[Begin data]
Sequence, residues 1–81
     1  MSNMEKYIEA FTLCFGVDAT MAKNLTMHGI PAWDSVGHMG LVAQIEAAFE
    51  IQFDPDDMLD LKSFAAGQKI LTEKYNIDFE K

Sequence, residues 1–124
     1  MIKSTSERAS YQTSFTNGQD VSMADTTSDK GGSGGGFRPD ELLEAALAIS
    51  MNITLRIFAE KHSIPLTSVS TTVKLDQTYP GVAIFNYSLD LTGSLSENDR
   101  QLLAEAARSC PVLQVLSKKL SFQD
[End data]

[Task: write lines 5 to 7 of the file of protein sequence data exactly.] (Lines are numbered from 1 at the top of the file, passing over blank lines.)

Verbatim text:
     1  MIKSTSERAS YQTSFTNGQD VSMADTTSDK GGSGGGFRPD ELLEAALAIS
    51  MNITLRIFAE KHSIPLTSVS TTVKLDQTYP GVAIFNYSLD LTGSLSENDR
   101  QLLAEAARSC PVLQVLSKKL SFQD